Thursday, November 17, 2016

The Origins of Dogs

“Ten or 20 years ago, we looked at modern dogs and modern wolves, and that’s it,” says German geneticist Olaf Thalmann, currently at Poland’s Poznan University of Medical Sciences. “We have realized this is wrong. Now we’re going back to the cradle of domestication to look for answers there [because] the wolves we see today are not what gave rise to dogs.”

DNA in this ancient Irish dog’s temporal bone is distinct from modern dogs and wolves. It’s evidence that dogs had multiple origins.

In June, Science published a paper that heralds the new direction of research. According to the study, dogs were domesticated not once but twice, on opposite ends of the Eurasian continent at least 15,000 years ago. Previous studies assumed that domestication was a difficult and thus rare event, occurring only once. But the new dual-origin theory found that an ancient European population was replaced by an eastern Asian population as the latter expanded across the continent. Every dog alive today is descended from ancient Asian roots.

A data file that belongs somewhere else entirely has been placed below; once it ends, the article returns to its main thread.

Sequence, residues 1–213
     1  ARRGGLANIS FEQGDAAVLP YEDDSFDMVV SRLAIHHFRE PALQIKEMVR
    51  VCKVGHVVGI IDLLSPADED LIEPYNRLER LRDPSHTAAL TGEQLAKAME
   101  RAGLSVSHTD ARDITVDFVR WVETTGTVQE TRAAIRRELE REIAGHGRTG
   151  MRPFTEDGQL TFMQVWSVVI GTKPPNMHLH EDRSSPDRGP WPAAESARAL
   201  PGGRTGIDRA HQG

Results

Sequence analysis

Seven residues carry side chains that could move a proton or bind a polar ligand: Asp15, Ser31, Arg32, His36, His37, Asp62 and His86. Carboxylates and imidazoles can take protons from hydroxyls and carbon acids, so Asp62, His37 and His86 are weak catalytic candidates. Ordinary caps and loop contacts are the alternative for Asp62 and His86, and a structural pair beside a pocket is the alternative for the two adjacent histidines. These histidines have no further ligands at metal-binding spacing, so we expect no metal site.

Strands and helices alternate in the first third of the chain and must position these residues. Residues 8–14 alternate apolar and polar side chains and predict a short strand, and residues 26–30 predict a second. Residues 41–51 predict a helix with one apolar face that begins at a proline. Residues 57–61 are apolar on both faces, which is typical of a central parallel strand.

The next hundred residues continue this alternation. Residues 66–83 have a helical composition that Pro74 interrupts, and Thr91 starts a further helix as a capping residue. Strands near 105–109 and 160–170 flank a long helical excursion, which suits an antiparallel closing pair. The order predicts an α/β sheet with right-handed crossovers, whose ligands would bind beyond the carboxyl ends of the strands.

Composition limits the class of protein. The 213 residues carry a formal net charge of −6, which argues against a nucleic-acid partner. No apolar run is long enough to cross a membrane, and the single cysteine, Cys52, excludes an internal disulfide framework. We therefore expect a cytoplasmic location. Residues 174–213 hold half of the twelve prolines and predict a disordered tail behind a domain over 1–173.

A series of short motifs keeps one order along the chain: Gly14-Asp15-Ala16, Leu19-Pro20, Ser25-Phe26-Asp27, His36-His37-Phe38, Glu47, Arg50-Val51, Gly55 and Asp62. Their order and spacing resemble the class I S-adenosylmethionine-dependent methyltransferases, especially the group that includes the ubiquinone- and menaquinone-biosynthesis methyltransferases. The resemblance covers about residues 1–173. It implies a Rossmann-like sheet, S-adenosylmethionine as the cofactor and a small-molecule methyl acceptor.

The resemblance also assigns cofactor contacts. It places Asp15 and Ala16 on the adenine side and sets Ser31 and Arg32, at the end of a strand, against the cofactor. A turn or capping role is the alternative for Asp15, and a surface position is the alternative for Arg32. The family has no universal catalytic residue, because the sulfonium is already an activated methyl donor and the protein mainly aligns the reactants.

In addition to collecting DNA from hundreds of modern wolves as well as mutts and purebred dogs, the dual-origin researchers extracted DNA from dozens of ancient dogs, including a particularly high-value sample from a 4,800-year-old animal unearthed in Newgrange, Ireland.

“The ancient [Newgrange] dog had ancestry not found in modern dogs or in modern wolves,” says Mietje Germonpré, who was not part of the dual-origin team. The Belgian paleontologist has studied the remains of other older canids in Eurasia and believes some of them were early dogs — a controversial theory, but one this new research suggests may be correct.

“It’s the first hint toward what’s out there,” says Thalmann, who also wasn’t involved in the research. “It’s a wake-up call. The theory about multiple origins and timing was out there for some time, but this is the first evidence for it genetically.”

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